Poor control of diabetes mellitus is a known predictor of perioperative and postoperative complications. No literature to date has established a hemoglobin A1c (HbA1c) cutoff for risk stratification in the urogynecology population. We sought to identify an HbA1c threshold predictive of increased risk for perioperative and postoperative complications after pelvic reconstructive surgery.
This multicenter retrospective cohort study involving 10 geographically diverse U.S. female pelvic medicine and reconstructive surgery programs identified women with diabetes who underwent prolapse and/or stress urinary incontinence surgery from September 1, 2013, to August 31, 2018. We collected information on demographics, preoperative HbA1c levels, surgery type, complications, and outcomes. Sensitivity analyses identified thresholds of complications stratified by HbA1c. Multivariate logistic regression further evaluated the association between HbA1c and complications after adjustments.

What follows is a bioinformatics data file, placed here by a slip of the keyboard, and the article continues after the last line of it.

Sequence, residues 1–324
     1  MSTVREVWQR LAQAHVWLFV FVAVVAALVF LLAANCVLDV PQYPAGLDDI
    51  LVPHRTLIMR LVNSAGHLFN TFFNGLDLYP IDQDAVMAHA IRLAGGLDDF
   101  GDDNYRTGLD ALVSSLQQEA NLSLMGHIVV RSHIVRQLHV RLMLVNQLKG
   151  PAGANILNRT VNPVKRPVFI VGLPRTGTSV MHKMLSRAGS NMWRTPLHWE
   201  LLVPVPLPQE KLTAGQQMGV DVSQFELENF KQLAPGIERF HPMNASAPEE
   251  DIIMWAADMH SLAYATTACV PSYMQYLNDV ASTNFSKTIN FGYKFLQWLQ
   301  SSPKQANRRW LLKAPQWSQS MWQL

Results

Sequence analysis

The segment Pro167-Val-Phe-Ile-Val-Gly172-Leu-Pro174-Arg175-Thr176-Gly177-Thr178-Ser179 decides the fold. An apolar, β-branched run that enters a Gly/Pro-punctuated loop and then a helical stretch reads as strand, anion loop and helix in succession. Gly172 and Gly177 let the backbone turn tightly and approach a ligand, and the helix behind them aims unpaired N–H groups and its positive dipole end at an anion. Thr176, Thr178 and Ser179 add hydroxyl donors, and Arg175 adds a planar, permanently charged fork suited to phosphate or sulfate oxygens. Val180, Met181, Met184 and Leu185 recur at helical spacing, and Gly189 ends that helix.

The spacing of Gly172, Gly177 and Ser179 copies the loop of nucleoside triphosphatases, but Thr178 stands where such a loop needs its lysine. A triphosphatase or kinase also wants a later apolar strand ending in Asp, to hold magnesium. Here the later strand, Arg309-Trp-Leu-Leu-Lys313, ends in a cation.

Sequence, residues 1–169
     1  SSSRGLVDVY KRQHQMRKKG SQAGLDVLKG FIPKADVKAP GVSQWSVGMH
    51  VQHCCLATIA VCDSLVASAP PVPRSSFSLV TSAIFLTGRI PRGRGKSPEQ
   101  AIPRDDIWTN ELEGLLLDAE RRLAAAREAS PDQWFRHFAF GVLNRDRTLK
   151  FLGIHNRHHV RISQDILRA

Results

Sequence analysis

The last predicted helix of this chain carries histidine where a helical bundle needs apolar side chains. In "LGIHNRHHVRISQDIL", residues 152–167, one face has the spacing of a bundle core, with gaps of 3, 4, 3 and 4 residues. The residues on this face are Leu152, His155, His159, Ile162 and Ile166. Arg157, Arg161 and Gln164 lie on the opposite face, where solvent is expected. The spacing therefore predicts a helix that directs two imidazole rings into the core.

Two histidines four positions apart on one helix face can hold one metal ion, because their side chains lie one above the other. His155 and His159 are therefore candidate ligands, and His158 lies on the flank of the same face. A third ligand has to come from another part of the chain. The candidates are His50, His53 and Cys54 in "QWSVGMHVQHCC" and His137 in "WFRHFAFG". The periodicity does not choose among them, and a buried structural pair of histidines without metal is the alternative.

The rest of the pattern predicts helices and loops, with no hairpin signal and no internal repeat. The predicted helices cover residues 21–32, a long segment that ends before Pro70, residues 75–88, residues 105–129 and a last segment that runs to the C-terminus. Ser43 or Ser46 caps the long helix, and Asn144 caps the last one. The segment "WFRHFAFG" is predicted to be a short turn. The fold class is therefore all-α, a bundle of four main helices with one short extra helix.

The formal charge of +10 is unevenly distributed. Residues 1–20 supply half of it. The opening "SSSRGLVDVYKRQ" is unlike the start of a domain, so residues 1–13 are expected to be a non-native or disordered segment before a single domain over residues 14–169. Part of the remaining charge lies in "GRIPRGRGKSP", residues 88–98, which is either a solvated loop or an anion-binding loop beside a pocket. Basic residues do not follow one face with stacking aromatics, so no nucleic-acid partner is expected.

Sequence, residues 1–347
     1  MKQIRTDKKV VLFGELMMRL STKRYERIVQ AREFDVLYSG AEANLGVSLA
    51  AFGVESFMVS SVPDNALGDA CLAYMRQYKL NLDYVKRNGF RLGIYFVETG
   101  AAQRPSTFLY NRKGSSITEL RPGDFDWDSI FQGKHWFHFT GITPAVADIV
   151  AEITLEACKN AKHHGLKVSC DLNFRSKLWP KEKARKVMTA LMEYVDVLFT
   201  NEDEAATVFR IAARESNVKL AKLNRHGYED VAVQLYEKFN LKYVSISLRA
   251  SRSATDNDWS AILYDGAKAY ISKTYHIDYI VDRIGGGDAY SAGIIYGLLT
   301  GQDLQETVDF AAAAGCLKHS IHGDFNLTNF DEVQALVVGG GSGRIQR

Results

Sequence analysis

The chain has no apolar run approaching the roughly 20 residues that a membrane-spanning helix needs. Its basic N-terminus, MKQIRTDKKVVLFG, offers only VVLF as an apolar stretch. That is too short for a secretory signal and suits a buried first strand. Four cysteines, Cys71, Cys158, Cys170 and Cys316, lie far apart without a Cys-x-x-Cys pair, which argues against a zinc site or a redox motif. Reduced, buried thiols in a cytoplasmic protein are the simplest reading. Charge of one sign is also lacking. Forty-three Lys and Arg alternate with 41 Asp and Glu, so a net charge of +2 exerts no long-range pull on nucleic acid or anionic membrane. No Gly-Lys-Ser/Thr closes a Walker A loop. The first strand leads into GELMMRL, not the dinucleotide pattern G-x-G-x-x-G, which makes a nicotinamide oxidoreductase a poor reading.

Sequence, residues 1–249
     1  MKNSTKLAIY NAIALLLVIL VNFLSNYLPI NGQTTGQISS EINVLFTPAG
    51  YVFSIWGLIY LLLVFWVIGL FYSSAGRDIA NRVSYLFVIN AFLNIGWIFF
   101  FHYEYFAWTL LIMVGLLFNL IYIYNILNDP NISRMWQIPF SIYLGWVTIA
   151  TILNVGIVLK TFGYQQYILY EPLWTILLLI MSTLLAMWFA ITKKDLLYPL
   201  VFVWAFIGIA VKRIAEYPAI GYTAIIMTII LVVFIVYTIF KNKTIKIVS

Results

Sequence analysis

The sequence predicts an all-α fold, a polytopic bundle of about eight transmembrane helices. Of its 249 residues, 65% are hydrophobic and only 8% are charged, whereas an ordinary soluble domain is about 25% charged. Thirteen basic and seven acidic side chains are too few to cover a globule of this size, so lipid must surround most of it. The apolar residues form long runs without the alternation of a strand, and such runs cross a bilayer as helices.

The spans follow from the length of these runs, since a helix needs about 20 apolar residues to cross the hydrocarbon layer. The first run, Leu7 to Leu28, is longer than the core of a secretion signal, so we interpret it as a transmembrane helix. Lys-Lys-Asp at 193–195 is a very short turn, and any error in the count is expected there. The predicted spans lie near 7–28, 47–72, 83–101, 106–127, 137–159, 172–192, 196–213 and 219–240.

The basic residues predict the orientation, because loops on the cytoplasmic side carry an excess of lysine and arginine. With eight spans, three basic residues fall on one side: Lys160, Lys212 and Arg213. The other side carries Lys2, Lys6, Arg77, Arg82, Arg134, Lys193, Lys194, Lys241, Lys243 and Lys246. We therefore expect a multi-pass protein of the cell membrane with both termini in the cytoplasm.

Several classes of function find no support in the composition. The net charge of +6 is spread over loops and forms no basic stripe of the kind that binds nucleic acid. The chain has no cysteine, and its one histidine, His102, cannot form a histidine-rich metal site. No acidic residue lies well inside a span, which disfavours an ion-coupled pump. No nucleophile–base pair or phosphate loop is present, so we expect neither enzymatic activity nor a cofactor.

Eight hundred seven charts were identified. In this diabetic cohort, the rate of overall complications was 44.1%, and severe complications were 14.9%. Patients with an AM HbA1c value of 8% or greater (reference HbA1c, <8%) had an increased rate of both severe (27.1% vs 12.8%, P < 0.001) and overall complications (57.6% vs 41.8%, P = 0.002) that persisted after multivariate logistic regression (odds ratio, 2.618; 95% confidence interval, 1.560–4.393 and odds ratio, 1.931; 95% confidence interval, 1.264–2.949, respectively). Mesh complications occurred in 4.6% of sacrocolpopexies and 1.7% of slings. The average HbA1c in those with mesh exposures was 7.5%.
Preoperative HbA1c of 8% or higher was associated with a 2- to 3-fold increased risk of overall and severe complications in diabetic patients undergoing pelvic reconstructive surgery that persisted after adjustments.